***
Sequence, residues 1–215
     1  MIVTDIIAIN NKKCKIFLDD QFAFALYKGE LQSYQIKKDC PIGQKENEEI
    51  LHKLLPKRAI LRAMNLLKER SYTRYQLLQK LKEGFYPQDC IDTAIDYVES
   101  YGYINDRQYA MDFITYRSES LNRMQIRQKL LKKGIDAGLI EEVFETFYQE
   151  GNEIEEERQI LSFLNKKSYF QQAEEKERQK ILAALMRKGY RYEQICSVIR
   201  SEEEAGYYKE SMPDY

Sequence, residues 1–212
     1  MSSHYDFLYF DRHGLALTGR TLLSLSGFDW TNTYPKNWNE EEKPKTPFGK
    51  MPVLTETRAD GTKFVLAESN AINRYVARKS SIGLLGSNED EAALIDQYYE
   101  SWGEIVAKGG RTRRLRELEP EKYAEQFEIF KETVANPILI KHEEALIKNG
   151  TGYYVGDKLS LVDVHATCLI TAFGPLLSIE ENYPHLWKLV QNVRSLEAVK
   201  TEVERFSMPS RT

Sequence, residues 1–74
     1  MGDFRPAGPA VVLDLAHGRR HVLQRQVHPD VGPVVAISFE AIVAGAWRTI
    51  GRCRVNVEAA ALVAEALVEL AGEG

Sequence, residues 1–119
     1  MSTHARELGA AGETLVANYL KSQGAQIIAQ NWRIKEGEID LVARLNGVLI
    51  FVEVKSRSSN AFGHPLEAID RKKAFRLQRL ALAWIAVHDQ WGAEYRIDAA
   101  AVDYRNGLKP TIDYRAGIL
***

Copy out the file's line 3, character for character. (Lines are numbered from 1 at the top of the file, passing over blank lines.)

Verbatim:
    51  LHKLLPKRAI LRAMNLLKER SYTRYQLLQK LKEGFYPQDC IDTAIDYVES